Vision Quest (1985)
Directed by Harold Becker
Produced by Joh Peters, Peter Guber
Screenplay by Darryl Ponicsan
Based on the novel Vision Quest by Terry Davis
Cinematography by Owen Roizman
Music by Tangerine Dream
Warner Bros. Blu-ray (1:47)
In 1985, I looked to fulfill my own vision quest, eager to realize a dream I’d had for the previous ten years, to become a great high school band director. Compared to other people my age who were pursing careers in banking, commerce, or entrepreneurship, my vision quest probably seemed pretty inconsequential. But it was mine. This initial process of learning the ropes and making mistakes seemed inevitable, but necessary. This was, after all, my first teaching job at a junior high school in Meridian, Mississippi. The plan was to teach junior high for a year, maybe two, then get a high school position. Such plans have a way of working themselves out without bothering to consult us.
I watched Vision Quest only because I watched almost every movie that came out in those days. At the time, it was just another movie. I had no interest in wrestling, had never heard of the stars Matthew Modine or Linda Fiorentino, but Vision Quest was a movie and watching movies was as natural to me as breathing. After the first few minutes, the film began to resonate with me. I understood Louden Swain and his quest to defeat the toughest wrestler in the state. His quest, sacrifice, and determination became mine. I understood his quest, and in a totally illogical way that seems to happen only in the movies, I felt that he would probably understand mine.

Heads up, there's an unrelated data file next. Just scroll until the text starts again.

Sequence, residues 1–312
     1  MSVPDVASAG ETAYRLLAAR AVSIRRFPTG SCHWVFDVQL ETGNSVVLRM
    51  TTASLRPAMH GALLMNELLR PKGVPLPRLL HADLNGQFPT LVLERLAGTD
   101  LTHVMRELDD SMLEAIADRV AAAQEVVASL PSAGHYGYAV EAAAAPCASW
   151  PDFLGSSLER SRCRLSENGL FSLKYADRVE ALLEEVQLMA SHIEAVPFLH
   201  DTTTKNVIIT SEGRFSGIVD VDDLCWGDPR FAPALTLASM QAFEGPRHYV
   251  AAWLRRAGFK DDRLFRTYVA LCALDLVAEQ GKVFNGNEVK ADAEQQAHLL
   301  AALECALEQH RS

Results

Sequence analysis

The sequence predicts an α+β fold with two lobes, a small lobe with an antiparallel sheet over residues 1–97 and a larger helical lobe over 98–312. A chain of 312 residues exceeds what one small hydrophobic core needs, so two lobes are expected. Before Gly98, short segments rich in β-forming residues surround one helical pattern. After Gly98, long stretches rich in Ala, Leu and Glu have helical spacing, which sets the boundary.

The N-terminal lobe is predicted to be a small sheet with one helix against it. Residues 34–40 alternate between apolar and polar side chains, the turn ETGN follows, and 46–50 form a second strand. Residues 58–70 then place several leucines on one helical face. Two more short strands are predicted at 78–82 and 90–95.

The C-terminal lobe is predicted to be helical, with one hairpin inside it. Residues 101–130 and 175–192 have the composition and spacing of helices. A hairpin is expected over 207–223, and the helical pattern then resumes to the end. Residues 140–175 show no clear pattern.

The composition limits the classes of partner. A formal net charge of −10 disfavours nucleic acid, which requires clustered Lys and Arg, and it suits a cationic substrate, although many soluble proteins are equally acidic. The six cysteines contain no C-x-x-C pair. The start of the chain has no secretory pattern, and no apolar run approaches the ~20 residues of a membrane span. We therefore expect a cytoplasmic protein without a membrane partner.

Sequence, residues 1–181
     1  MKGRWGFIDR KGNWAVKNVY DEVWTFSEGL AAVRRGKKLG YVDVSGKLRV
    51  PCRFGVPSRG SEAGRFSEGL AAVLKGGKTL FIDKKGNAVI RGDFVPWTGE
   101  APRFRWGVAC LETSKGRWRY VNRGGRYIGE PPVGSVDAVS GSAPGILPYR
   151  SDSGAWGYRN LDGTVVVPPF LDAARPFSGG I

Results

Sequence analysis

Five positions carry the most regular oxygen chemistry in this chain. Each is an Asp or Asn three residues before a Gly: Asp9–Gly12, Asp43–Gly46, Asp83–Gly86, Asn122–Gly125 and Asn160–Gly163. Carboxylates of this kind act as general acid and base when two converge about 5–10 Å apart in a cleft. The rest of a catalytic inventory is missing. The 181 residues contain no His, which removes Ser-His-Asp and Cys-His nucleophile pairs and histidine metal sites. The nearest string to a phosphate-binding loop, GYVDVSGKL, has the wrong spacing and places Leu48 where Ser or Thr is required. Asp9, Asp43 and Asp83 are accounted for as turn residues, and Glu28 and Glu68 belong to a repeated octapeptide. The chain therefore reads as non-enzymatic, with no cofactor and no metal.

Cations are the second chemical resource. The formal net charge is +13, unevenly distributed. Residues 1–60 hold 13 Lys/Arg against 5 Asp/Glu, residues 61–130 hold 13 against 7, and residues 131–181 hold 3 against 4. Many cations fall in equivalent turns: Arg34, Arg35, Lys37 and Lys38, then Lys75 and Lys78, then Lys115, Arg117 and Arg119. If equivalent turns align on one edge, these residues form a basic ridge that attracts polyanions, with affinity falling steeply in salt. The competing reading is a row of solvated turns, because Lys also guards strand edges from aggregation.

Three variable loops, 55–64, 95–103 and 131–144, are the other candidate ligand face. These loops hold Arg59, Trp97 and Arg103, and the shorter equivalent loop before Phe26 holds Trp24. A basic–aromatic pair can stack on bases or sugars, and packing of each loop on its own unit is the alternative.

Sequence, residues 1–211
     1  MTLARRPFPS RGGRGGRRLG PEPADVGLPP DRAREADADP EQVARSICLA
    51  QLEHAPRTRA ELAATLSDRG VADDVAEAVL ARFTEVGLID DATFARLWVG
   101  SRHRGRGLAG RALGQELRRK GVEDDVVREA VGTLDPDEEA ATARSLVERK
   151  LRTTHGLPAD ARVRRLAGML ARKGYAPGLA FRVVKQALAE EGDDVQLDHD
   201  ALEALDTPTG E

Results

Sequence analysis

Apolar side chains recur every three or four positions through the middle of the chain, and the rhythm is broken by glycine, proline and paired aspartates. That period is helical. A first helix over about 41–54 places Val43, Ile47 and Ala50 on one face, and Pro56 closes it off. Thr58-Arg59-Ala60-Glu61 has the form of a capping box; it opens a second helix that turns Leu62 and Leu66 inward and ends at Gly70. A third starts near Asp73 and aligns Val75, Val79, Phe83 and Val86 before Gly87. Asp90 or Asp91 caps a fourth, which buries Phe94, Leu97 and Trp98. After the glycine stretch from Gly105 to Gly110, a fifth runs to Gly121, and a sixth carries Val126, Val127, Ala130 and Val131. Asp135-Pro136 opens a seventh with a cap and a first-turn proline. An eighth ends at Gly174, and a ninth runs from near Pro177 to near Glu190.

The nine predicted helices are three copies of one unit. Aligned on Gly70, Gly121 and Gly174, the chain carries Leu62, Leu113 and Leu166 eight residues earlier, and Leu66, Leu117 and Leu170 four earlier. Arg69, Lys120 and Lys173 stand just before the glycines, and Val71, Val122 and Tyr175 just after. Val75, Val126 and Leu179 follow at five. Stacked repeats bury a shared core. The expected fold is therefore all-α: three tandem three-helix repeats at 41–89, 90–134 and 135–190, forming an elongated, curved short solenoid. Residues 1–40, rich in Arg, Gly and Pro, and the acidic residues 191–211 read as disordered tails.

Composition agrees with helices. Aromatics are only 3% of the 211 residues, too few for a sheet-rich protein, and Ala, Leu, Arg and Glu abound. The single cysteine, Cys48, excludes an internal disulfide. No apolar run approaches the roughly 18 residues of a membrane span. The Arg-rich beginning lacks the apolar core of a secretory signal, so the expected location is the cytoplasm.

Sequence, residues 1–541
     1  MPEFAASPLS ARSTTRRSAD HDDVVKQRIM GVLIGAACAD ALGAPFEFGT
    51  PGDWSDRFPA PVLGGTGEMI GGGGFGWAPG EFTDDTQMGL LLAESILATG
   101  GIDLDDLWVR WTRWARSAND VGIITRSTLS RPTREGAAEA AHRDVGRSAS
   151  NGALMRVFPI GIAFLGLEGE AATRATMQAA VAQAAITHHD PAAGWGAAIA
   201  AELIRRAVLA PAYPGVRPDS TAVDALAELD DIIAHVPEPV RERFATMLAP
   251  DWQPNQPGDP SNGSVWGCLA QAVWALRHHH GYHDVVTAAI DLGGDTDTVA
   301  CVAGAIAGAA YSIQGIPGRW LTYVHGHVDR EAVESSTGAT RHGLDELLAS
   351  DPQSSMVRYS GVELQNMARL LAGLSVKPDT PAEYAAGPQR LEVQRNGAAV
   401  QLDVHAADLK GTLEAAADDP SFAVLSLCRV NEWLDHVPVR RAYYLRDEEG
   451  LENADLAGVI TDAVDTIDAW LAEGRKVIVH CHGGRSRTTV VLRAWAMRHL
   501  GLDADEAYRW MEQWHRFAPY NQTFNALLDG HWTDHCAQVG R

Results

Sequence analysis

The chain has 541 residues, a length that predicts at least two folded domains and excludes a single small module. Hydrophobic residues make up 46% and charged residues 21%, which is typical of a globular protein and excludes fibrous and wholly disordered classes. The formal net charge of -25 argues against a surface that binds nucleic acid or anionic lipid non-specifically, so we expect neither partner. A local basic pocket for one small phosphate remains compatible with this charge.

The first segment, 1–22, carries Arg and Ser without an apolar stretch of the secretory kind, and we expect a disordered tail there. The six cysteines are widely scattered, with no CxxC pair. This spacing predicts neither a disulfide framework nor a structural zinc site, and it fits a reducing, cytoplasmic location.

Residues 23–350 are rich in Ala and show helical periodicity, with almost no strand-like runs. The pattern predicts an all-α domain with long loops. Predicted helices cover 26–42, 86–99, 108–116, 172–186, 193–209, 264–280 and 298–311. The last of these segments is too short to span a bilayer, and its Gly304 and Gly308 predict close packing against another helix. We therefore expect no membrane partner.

My greatest desire was not only to become a great teacher, but to become great early in my career, so great that people would think I’d been teaching somewhere else for several years. In my mind, Vision Quest transformed from a simple movie to a call for action, a roadmap for greatness.
Vision Quest is a coming-of-age story about a high school wrestler in Spokane, Washington named Louden Swain (Matthew Modine), a young man willing to drop down two weight classes (roughly 23 pounds) for a chance to wrestle Brian Shute (Frank Jasper), a powerhouse three-time state champion at a rival high school. Louden’s a smart, confident kid, writing term papers on medical topics (especially those explaining the function of the female anatomy) that sometimes get him in trouble with his teacher, and working as a bellboy in the kitchen of a local hotel. We learn that Louden lives alone with his dad (Ronny Cox) and that his mom at some point abandoned them both. Things begin to change (for better or worse? I won’t tell you) when a 20-year-old artist named Carla (Linda Fiorentino, in her film debut) comes to stay with them. How this happens isn’t really that believable or important. What is important is that Louden falls for Carla completely. The question is, however, will he fall so hard for her that he forgets his quest?
Vision Quest is a movie you either follow with your heart or you don’t. There’s no good reason for Carla to be the Swain household, yet she’s more than simply a plot device. Fiorentino brings something to the role of Carla that makes you forget the weaknesses of the story and focus simply on her character. You aren’t really interested in how or why she got there, but you care about her and how she’s going to affect Louden’s ultimate goal. Carla is confident without being arrogant, slightly distant without being an ice queen. Maybe there’s something in her past creating that distance or maybe she’s wary of becoming the object of a high school kid’s fantasy.